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Kin191 A. Osteokinematics. Fall 2007
 

Kin191 A. Osteokinematics. Fall 2007

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    Kin191 A. Osteokinematics. Fall 2007 Kin191 A. Osteokinematics. Fall 2007 Presentation Transcript

    • Osteokinematics KIN 191A Advanced Assessment of Lower Extremity Injuries
    • What is It?
      • Kinesiology: The scientific study of human movement (anatomical, physiological, & mechanical)
      • Biomechanics: The study of the body motion and the forces acting on the musculoskeletal system to effect motion
    • Kinematics Vs Kinetics
      • Kinematics: The branch of biomechanics concerned with description of the movements of segments of the body w/o regard to the forces that caused the movement to occur
      • The study of motion
      • Kinetics: The forces acting on the body during movement and the interactions of sequence of motion with respect to time and forces present
      • The study of the forces that effect motion
    •  
    •  
    • Kinematics
      • Movement: A change in the position of a bone or segment (i.e., forearm flexion); or a change in the relationship of two adjacent bones or segments (i.e., elbow flexion)
      • In describing joint movement in the extremities, the distal segment is compared to the proximal segment
      • In describing joint movement in the spine, the cranial segment is compared to the caudal segment
    • Kinematics cont.
      • Osteokinematics: Description of movement with reference to the bones
      • Arthorkinematics: Description of movement with reference to the joint surfaces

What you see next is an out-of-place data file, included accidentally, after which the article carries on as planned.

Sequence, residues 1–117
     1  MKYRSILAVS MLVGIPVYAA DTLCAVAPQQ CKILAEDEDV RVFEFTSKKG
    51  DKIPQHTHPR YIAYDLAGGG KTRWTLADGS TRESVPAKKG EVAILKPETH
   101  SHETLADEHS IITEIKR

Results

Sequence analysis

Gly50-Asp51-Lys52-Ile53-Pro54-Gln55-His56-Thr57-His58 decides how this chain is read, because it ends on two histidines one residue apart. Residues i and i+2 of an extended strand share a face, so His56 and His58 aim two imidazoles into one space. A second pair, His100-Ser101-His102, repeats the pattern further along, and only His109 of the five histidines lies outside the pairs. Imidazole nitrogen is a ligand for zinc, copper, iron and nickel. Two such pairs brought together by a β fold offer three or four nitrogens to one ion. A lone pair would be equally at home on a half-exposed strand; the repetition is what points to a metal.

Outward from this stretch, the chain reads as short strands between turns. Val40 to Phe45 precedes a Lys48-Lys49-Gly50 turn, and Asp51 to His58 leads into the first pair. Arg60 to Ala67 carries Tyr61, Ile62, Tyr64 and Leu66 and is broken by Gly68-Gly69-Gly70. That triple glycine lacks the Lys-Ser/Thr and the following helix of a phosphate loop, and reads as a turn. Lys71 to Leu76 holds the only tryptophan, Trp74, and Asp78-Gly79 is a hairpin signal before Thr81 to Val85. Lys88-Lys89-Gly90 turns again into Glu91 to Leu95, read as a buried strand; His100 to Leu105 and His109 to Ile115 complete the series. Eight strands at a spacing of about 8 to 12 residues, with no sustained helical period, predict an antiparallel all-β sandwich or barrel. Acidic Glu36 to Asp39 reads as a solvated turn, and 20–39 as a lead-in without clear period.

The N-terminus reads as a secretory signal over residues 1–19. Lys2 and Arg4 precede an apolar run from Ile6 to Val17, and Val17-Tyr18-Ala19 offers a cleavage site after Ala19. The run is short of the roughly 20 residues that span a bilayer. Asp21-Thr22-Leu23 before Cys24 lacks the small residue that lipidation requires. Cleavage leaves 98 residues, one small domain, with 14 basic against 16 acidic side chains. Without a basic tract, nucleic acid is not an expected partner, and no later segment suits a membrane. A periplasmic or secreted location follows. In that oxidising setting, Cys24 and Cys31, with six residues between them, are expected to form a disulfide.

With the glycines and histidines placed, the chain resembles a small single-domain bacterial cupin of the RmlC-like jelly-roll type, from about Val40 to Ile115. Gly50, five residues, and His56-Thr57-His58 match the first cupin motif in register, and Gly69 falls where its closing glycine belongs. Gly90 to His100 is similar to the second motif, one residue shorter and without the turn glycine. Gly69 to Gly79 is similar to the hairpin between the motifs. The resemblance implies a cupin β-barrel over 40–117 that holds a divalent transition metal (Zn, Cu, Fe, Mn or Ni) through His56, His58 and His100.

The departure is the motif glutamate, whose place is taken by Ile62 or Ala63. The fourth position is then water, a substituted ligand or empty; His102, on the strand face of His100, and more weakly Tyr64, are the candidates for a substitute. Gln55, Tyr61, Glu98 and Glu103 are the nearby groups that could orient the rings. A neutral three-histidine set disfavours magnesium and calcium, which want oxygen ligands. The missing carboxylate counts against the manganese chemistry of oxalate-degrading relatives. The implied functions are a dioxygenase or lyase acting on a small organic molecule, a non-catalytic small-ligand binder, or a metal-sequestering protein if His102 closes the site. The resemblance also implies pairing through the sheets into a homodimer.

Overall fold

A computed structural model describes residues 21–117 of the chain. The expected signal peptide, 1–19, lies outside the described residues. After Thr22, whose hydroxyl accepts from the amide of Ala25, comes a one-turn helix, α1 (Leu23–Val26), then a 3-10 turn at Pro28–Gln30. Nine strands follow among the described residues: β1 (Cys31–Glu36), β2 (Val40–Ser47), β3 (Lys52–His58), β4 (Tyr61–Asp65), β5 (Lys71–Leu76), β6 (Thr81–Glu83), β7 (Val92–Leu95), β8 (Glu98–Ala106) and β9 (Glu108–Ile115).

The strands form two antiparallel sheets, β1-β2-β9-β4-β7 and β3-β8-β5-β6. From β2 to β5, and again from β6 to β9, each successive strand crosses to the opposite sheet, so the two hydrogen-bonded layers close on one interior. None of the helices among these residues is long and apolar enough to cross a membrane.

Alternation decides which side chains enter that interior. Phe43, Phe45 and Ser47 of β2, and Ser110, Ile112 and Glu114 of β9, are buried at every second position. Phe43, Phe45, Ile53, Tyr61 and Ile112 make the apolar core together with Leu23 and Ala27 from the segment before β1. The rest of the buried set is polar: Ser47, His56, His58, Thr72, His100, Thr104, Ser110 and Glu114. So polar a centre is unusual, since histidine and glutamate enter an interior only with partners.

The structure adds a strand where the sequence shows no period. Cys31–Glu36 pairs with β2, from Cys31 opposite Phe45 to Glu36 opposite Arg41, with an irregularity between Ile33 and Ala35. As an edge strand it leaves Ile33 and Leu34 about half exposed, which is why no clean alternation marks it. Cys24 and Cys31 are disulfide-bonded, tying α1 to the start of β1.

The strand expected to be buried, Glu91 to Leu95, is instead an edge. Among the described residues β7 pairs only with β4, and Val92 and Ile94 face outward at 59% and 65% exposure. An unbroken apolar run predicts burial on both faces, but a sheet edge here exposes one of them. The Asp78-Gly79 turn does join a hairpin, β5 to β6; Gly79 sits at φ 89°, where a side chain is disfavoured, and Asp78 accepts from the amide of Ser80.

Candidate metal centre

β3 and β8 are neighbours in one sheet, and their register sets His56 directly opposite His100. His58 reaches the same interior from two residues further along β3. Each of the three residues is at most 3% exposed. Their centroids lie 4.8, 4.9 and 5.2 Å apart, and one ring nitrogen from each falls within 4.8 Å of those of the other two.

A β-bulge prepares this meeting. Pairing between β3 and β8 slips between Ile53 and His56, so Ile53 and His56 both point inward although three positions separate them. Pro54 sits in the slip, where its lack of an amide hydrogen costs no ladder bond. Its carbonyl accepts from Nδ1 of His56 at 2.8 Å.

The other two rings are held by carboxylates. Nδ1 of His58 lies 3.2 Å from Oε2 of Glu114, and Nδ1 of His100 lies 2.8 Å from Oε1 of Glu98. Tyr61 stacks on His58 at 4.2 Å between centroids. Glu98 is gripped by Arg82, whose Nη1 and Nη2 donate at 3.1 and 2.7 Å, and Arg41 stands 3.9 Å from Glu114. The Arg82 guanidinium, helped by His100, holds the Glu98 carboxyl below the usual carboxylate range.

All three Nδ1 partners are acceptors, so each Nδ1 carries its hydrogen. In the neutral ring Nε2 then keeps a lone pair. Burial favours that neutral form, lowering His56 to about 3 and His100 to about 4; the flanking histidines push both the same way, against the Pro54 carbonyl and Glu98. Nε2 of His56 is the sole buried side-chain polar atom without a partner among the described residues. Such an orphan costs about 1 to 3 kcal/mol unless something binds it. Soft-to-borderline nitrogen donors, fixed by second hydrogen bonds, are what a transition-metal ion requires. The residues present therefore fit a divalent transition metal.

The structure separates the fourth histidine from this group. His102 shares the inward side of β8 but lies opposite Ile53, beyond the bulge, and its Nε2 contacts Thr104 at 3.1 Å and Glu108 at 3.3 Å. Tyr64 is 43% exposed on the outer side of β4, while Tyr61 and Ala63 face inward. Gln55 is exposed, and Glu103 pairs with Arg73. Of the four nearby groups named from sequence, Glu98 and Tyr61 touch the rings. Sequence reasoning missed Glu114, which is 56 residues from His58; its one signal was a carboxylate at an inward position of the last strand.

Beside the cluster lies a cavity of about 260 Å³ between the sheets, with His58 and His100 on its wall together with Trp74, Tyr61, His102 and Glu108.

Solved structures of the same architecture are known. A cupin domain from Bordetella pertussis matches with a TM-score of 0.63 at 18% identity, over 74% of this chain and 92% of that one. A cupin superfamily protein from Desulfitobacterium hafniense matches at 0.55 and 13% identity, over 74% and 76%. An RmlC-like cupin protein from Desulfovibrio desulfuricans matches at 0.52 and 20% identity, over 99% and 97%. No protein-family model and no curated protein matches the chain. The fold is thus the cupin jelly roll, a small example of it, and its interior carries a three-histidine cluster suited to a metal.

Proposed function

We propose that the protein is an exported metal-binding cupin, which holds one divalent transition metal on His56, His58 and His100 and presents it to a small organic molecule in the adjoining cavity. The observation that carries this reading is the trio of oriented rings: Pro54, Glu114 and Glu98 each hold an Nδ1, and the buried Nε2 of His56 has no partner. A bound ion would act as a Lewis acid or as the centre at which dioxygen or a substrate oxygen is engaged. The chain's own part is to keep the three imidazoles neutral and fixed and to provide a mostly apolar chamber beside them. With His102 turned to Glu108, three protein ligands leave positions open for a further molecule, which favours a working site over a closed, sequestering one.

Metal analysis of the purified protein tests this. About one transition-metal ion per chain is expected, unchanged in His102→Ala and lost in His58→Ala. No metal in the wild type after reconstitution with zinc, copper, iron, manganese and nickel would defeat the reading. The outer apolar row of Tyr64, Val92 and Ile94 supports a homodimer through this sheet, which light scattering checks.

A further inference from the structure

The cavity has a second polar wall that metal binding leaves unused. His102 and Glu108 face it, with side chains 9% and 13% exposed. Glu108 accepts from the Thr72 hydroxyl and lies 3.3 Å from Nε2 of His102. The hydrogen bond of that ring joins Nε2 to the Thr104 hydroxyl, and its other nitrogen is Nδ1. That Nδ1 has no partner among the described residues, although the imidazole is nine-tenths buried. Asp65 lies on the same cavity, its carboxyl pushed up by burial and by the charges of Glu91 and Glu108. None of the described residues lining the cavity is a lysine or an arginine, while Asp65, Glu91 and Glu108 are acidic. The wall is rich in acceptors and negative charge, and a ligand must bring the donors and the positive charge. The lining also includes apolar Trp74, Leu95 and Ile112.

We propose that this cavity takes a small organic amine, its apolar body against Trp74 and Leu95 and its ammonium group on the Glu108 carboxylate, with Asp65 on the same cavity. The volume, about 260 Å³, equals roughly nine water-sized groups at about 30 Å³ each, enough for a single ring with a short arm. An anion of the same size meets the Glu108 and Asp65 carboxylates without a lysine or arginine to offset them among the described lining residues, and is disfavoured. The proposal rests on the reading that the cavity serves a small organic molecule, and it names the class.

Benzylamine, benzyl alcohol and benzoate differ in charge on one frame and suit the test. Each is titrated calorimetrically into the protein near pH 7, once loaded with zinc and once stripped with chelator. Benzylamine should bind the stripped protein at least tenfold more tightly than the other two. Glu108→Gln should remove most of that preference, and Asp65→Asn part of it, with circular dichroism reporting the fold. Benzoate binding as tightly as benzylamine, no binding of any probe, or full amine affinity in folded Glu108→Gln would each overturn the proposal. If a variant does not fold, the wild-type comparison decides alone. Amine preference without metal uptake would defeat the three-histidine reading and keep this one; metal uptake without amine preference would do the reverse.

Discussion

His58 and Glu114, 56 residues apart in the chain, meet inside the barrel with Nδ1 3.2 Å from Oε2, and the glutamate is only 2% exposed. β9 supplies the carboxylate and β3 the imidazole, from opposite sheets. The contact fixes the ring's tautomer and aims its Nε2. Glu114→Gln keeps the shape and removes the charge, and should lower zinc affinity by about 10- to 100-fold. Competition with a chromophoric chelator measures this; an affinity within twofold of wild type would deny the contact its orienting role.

• Planes of the Body
      • 1. Sagittal plane
      • 2. Frontal (coronal) plane
      • 3. Transverse (horizontal) plane
    • Axes Z X Y
    • Sagittal plane Transverse plane Frontal plane Y Z X
    • Axes of Rotation
      • Sagittal Plane
        • Motion occurs about a mediolateral axis
      • Frontal Plane
        • Motion occurs about an anterior-posterior axis
      • Transverse Plane
        • Motion occurs about a longitudinal axis
    • Types of Osteokinematic Motion
      • Rotary (angular): 3 degree of freedom, around a certain axis (X,Y, & Z) in a certain plane (sagittal, frontal, or transverse). The axis and plane are always orthogonal
      • Translatory (linear): motion through space in a straight line w/o rotation. It is usually described as forward/back, up/down, side to side, or some combination of the three
      • Curvilinear: a combination of rotary and translatory
    • Degrees of Freedom
      • Refers to the type and amount of motion structurally allowed by joint anatomy
        • 1 df: has a single axis of rotation
          • Example - elbow
        • 2 df: dual axes of rotation
          • Example - wrist
        • 3 df: three axes of rotation
          • Example - shoulder
    • Movement Terminology 1
      • Flexion: Movement in the Sagittal plane, from the anatomical position
        • An exception is the thumb (motion occurs in the frontal plane)
      • Extension: Movement in the Sagittal plane, back to the anatomical position